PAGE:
Questions about structure of plug-in synths & VFLib


Hello all,

I’m trying to learn how to make VST/AU synthesisers with Juce. I’m getting along nicely with the GUI side of Juce, but have a few questions about the best way to structure a plug-in instrument, since the Juce audio plugin demo only shows an effect plugin.

  1. Obviously I’d like the parameters of my synth to be automatable. As far as I can see, the AudioProcessor class is the easiest way to get this functionality in Juce. So the obvious thing to do would be to attach an ‘editor’ to a subclass of AudioProcessor, then call the AudioProcessor’s processBlock method from my SynthesiserVoice object. But I want my synth to be polyphonic, so it will need an individual processor for each voice. So maybe it would be better to have the editor just modify variables in the AudioProcessor objects, which are then grabbed by each SynthesiserVoice’s renderNextBlock? Am I on the right track here?

  2. This also leads me onto the question of thread safety etc. If I have multiple voices reading those same variables, and the editor possibly modifying them at the same time, I’ll need to somehow ensure these variables are thread safe. I imagined that for simple variables, I could use std::atomic and I might get away with it. But if I wanted to start sending more data from the GUI to the audio threads, I realise I’m getting into the black art of FIFO queues and ring-buffers, which I freely admit I don’t really understand. What would it take to, say, safely pass a small struct (for example, representing a new modulation routing) to the audio threads? I have seen VFLib’s concurrency classes, and they look like a good framework for me to use, but I’m not really sure how to start setting up a system using them. Are there any examples of this floating around?

Thanks in advance for any pointers, this is tougher than I had anticipated! :oops:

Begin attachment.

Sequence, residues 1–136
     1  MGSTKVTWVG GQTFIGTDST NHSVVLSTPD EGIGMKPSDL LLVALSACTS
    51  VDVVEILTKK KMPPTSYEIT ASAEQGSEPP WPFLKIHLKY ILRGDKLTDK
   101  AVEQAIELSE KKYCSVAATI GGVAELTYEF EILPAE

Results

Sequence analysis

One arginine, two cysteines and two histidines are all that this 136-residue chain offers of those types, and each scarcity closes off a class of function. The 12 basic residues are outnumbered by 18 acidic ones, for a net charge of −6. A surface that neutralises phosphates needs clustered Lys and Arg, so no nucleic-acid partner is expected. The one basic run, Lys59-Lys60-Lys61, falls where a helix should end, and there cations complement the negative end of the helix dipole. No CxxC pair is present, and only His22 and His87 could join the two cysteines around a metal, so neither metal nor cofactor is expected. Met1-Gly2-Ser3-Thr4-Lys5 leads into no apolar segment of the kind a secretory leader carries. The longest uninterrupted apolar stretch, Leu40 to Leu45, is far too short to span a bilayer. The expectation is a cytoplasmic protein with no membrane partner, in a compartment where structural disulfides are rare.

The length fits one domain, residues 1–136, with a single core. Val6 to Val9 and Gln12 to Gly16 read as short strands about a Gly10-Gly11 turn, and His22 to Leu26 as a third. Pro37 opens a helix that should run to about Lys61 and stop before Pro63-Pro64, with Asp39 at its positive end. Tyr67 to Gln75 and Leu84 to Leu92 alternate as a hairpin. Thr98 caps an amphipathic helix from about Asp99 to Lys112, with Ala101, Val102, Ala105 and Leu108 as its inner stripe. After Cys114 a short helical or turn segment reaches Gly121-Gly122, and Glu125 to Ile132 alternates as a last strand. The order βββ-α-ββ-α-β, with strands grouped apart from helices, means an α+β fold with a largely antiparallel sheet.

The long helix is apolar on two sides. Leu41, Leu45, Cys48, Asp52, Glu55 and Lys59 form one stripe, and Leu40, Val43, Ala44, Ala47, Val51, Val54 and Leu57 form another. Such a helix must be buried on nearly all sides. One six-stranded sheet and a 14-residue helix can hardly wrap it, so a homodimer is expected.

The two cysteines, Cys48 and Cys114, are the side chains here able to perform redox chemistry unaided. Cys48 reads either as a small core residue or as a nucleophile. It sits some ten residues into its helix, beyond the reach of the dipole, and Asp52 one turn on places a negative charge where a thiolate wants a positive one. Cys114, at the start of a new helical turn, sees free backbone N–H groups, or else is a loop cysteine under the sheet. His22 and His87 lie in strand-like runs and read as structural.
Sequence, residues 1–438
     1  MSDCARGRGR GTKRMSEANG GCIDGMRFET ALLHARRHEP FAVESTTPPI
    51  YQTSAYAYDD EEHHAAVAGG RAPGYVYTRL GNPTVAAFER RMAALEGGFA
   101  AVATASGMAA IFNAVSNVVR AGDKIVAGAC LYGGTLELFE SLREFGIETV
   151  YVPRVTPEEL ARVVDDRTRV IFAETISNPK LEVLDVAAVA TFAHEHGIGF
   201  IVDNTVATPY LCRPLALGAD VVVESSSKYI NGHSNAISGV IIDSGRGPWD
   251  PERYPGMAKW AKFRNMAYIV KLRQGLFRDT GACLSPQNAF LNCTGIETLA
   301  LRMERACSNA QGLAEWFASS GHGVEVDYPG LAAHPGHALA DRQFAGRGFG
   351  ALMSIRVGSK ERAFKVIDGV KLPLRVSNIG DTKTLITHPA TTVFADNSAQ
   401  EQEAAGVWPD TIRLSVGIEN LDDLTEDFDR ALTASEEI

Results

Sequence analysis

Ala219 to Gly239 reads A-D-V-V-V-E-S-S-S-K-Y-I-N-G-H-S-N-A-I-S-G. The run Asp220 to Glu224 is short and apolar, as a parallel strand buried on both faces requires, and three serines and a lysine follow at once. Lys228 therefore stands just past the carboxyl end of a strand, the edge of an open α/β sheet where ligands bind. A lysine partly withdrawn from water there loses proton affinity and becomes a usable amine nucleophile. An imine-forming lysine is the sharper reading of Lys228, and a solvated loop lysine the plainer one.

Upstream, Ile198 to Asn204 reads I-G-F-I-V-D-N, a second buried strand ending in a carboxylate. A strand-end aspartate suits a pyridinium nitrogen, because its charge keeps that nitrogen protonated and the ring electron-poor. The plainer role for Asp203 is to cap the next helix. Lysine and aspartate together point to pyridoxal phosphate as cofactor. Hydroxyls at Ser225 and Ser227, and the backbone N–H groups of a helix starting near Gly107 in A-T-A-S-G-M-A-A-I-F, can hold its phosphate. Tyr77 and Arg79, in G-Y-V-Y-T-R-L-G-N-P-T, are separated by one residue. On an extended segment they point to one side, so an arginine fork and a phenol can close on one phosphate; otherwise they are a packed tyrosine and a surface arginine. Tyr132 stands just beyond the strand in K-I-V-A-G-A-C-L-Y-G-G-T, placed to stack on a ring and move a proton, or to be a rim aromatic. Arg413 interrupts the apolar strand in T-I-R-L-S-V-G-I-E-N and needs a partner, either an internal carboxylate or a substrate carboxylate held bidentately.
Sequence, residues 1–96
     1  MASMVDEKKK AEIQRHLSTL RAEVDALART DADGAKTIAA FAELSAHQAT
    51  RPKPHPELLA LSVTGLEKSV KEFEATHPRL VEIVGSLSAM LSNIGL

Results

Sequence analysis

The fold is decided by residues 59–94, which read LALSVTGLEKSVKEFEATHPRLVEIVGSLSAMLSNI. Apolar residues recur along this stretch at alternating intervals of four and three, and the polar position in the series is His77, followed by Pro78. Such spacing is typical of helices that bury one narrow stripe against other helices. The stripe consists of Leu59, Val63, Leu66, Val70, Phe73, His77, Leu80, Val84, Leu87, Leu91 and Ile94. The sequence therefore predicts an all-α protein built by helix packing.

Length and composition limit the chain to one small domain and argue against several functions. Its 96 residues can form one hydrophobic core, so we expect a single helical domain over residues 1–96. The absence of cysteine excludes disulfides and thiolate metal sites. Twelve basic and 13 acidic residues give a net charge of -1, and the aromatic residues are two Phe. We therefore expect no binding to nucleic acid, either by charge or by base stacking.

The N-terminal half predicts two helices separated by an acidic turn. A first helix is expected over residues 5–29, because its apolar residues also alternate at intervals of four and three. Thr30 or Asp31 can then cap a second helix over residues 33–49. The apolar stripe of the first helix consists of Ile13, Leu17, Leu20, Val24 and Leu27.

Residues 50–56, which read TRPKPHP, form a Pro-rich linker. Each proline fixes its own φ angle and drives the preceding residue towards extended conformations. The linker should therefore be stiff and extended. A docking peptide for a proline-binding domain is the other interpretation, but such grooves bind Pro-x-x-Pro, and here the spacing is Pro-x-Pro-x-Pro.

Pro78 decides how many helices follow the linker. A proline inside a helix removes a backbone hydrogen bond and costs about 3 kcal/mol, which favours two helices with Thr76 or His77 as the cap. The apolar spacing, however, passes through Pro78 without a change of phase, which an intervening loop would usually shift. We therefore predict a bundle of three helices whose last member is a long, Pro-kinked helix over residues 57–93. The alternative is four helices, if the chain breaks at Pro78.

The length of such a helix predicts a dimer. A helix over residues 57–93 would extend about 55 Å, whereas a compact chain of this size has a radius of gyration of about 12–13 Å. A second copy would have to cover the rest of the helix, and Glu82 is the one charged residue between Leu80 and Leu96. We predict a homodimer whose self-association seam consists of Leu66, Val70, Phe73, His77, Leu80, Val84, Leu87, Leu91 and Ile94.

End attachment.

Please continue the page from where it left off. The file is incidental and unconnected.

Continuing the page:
You want to make your data structures “immutable”. This means that once a synth voice descriptor is constructed, it is never modified. How does the editor make changes? Well, it doesn’t. It creates a whole new object, starting with a copy from the current one, and constructs it with the new parameters.

When you have finished putting together this “replacement” descriptor, you use a vf::CallQueue to pass it to the audio thread and tell it to swap the voice descriptor in use with the new one.

These descriptors would need to be reference counted of course.

struct VoiceInfo : ReferenceCountedObject {
  typedef ReferenceCountedObjectPtr <VoiceInfo> Ptr;

struct AudioThread : AudioDeviceIoCallback
  // called from GUI thread
  void setCurrentVoice (VoiceInfo::Ptr voice) { (&AudioThread::setCurrentVoiceAsync, this, voice);

  vf::ManualCallQueue m_queue;
  VoiceInfo currentVoice;

  // called on audio device thread
  void setCurrentVoiceAsync (VoiceInfo::ptr voice) {
    currentVoice = voice;

  void handleAudio (AudioBufferInfo&) {
    m_queue.synchronize ();
    // process audio using currentVoice


Actually, SimpleDJ (link in my signature) uses the same technique to select tracks into the deck. Here’s the file in question:

The problem is that SimpleDJ crashes on Windows and doesn’t build on MacOS…something happened when I updated to the latest JUCE tip. It is being looked at and hopefully will be working again soon.


Great, thanks for the tips. Although that seems a bit inefficient. What if my voice structure is quite complex: with 2 LFOs, 2 Envelopes, a sequencer and a bunch of modulation routings. So if a user is playing the synth and tweaking parameters then behind the scenes I’m continually creating and destroying new voice objects?